Conlangs and Online Communities

Online communities, I have recently come to believe are a mixed blessing for constructed languages.  On one hand, for the last few hundred years of constructed languages, they typically languished without any attention at all because the audience for constructed languages is so thinly spread out, it was nearly impossible to get critical mass for a new language using traditional media.

Klingon, Na’vi and toki pona probably would all have disappeared at birth without mailing lists.  At the moment only Lojban seems to have had a serious pre-internet community and even Lojban would be a shadow of it is now without the internet. So what is not to love about using the internet at the primary place to find and build a community for your or your favorite conlang?

In my roamings online since last November, I’ve decided there are some serious pitfalls.

The internet affect (or compromises) language design. Even English gain a new vocabulary and is probably on the verge of new grammatical constructions from it’s use online.  Emoticons, ALL-CAPS means shouting, /commands, the threaded discussion, replacing diacritic letters with letter followed by x, all are changes to the language to adapt it to online needs.  A designed language has goals, such as being true to a fictional culture, a certain social goal–such as cross border communication, a certain therapeutic effect, and many other whimsical goals peripheral to the needs of facilitating keyboard mediated written communications amongst strangers widely dispersed across time and place.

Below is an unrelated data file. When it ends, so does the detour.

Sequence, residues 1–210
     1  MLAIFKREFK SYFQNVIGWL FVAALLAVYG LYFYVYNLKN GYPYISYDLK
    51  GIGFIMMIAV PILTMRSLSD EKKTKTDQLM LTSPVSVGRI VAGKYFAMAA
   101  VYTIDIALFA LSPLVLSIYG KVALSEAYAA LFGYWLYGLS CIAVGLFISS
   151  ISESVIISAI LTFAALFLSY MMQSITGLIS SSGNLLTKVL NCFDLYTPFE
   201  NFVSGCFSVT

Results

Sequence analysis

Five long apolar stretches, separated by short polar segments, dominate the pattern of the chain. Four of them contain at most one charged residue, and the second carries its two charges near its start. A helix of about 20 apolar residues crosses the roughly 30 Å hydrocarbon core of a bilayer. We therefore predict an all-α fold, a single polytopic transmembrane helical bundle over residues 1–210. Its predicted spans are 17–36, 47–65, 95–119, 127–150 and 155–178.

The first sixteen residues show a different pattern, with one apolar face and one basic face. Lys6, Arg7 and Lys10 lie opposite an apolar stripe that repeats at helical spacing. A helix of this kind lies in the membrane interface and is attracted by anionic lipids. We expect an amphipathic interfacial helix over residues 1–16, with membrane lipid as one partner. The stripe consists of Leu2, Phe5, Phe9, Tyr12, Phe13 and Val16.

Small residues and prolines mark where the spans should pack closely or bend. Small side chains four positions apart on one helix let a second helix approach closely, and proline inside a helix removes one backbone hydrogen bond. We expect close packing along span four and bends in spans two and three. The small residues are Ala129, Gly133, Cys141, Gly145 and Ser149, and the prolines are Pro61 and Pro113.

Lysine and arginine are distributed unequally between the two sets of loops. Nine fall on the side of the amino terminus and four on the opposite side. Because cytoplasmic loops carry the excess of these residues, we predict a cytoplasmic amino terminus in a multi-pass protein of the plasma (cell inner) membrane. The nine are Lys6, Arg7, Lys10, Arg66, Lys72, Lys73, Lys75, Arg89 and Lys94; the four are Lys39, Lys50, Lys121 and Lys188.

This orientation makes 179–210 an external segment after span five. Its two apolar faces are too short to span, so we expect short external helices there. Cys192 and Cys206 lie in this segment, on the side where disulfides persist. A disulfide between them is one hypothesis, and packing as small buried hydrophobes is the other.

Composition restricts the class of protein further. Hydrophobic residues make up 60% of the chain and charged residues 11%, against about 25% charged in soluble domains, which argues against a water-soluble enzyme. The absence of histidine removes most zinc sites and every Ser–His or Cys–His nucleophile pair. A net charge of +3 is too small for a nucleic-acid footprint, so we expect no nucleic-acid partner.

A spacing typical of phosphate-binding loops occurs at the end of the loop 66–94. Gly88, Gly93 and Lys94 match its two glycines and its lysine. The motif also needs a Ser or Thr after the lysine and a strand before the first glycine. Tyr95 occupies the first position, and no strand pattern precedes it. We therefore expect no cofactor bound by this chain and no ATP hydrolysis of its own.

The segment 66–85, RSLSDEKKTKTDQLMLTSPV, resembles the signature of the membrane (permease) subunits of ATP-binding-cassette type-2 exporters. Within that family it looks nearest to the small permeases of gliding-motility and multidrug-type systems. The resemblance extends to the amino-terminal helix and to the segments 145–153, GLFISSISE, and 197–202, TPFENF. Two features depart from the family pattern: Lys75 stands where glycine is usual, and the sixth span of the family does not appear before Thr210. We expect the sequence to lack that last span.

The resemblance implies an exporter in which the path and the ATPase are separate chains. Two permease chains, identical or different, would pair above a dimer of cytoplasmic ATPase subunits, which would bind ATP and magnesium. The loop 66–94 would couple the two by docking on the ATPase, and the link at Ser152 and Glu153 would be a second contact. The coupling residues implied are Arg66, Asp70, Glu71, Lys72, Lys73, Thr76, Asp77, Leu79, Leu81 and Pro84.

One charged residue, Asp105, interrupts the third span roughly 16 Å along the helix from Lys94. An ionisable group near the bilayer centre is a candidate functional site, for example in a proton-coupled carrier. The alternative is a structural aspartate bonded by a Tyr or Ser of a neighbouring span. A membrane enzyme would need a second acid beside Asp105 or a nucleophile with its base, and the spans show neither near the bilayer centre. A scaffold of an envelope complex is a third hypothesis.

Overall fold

Civility and Fight Club. “Academic politics are so vicious because the stakes are so low.”  All online communities run the risk of griefers, trolls, people who treat the internet like some sort of fight club.  Even discussing the internet’s level of civility is a losing battle, with camps of people imagining that it isn’t a even a problem to begin with.  Those who do see it as a problem, often have no recourse but to leave the community.  This starts a downward spiral until most online communities are fight clubs, inhabited by  only those who are looking for a fight, enjoy fighting or can’t tell the difference between discourse and fighting anymore.

Someday, there might be a social or technical solution, such as human moderation, comment voting.  In the conlang world, prospects don’t look good.

In my years of living the real world, I’ve never encountered the number fights, and nastiness that just pops up all over the place in online communities, some I’m just observing, some of it I end up on one end or the other.  Obviously, for many this is a non-issue.  They either enjoy fight club or are oblivious to it.  For me, each fight is a colossal distraction. As they say, if you can’t take the heat, stay out the kitchen.  I now choose to stay out of the online community kitchen.  I’ll use the internet for organizing in person meetups, posting my letters in a bottle to no one on my blog, but I’ve pretty much had it with participating in online communities.

Stay tuned for my next article on how to build communities for conlangs using real world resources.

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